Sleep

May 2009

Research

The 45 year old health check

Feasibility and impact on practices and patient behaviour

Volume 38, No.5, May 2009 Pages 358-362

Cheryl Amoroso BSc, MPH, is Research Fellow, Centre for Primary Health Care and Equity, University of New South Wales.

Mark F Harris MBBS, FRACGP, MD, Professor and Director, Centre for Primary Health Care and Equity, University of New South Wales and the Centre for Research Excellence in Obesity Management and Prevention in Primary Health Care, Sydney, New South Wales

Amando Ampt DipAppSc(Nurs), MHIM, is Research Officer, Centre for Primary Health Care and Equity, University of New South Wales.

Rachel A Laws BSc(Nutr), MSc(Nutr&Diet), is Research Fellow, Centre for Primary Health Care and Equity, University of New South Wales

Suzanne McKenzie MBS, MMedSci, GCULT, FRACGP, is Head of Discipline, General Practice and Rural Medicine, School of Medicine & Dentistry, James Cook University, Townsville, Queensland.

Anna M Williams DipAppSci(Nurs), MPH, is Research Fellow, Centre for Primary Health Care and Equity, University of New South Wales

Upali W Jayasinghe MSc, PhD, is Senior Research Fellow, Centre for Primary Health Care and Equity, University of New South Wales

Nicholas Zwar BBS, MPH, PhD, FRACGP, is Professor of General Practice, School of Public Health and Community Medicine, University of New South Wales.

Gawaine Powell Davies BA, MHP, is Associate Professor, Centre for Primary Health Care and Equity, University of New South Wales.

Background

The 45 year old health check (MBS item 717) for patients aged 45–49 years was introduced in 2006. This study evaluated its impact on preventive care and patient reported risk factors.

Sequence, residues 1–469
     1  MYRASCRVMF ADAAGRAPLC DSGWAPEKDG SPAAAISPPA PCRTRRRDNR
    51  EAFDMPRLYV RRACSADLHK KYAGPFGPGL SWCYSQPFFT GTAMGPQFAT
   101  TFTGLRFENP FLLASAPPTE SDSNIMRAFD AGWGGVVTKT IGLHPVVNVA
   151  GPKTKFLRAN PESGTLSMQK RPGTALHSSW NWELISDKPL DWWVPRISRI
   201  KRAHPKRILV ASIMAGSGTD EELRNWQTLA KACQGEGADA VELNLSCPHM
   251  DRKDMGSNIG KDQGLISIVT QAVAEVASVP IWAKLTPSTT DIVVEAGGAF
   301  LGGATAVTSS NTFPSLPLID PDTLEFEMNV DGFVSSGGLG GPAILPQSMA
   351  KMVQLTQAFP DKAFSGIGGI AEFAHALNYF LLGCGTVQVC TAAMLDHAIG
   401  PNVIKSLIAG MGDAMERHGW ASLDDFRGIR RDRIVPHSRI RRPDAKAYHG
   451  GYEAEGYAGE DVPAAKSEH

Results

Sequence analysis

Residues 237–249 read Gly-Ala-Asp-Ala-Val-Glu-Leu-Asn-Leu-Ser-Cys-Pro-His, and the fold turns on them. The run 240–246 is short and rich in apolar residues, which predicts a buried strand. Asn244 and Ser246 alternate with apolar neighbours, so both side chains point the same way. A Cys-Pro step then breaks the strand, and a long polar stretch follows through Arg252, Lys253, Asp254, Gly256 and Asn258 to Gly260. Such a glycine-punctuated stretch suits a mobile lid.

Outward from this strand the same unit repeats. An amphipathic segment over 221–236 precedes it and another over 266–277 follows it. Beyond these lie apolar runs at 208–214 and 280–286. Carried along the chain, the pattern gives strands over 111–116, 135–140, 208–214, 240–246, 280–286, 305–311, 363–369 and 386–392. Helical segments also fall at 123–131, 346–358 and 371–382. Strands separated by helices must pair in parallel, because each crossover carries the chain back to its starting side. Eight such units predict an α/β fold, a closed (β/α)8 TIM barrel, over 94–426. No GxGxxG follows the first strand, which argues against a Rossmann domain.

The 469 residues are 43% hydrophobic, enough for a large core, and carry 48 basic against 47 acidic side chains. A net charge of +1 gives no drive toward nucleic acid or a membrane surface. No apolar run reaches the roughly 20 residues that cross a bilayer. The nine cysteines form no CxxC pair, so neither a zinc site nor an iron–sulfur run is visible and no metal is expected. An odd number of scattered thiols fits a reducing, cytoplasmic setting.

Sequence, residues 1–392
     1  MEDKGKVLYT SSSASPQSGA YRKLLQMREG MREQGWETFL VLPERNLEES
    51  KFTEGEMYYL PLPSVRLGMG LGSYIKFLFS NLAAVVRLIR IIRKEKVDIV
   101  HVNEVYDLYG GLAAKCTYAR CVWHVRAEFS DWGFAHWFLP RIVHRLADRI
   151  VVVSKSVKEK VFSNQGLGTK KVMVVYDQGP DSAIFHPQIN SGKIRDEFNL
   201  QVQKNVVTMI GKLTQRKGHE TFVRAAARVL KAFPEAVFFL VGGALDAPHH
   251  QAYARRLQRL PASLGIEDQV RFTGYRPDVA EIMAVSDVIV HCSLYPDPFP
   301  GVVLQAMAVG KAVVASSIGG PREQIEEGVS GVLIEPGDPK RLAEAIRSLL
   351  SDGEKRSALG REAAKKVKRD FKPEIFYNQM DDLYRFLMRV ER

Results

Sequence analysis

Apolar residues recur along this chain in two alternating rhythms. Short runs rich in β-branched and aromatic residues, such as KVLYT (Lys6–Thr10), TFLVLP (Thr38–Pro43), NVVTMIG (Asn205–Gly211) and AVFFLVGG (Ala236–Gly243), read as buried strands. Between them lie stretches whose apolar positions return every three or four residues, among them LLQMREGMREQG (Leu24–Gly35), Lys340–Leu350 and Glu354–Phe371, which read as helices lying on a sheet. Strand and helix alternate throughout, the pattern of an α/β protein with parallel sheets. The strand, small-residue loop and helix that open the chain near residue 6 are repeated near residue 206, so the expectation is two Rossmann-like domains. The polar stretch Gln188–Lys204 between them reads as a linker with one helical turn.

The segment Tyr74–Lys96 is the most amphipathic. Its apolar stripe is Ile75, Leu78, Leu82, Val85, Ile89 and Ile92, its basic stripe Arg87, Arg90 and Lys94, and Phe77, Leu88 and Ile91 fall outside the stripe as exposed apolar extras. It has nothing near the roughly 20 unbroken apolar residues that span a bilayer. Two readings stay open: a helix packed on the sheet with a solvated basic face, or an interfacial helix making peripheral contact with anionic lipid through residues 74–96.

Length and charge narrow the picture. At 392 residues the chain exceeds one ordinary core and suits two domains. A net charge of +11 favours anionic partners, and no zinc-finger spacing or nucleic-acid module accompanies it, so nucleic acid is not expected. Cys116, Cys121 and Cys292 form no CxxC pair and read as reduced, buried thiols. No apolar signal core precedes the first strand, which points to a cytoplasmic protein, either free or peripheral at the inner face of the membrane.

Methods

A quantitative and qualitative study was conducted in eight general practices in Sydney, New South Wales. It involved follow up surveys of 118 patients taken both before the check and 3 months after. Practice staff were trained and supported to conduct the health checks and appropriate interventions.

Results

There was ambivalence among some of the general practitioners toward the health check, but most found it feasible. The reported frequency of GP advice relating to each of the SNAP (smoking, nutrition, alcohol, and physical activity) risk factors increased; patient referrals, however, were infrequent. Patients’ readiness to change their diet and exercise habits improved as a result of the check, with respondents showing an increase in both the consumption of vegetables and the frequency of physical activity. There was no change in body mass index, smoking or alcohol consumption.

Discussion

The health check was associated with a short term improvement in diet and physical activity behaviours. Mechanisms to enhance referral need to be developed.

In 2004–2005, 90% of Australian adults had at least one, and 44% had at least three, of the following modifiable chronic disease risk factors (of): tobacco smoking, physical inactivity, low fruit or vegetable consumption, at risk alcohol intake, hypertension, high blood cholesterol or excess weight.1 While there is evidence supporting the feasibility of addressing these risk factors in general practice, due to lack of both specific funding and time required to support assessment and counselling, interventions of this nature are infrequent.2

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Correspondence afp@racgp.org.au

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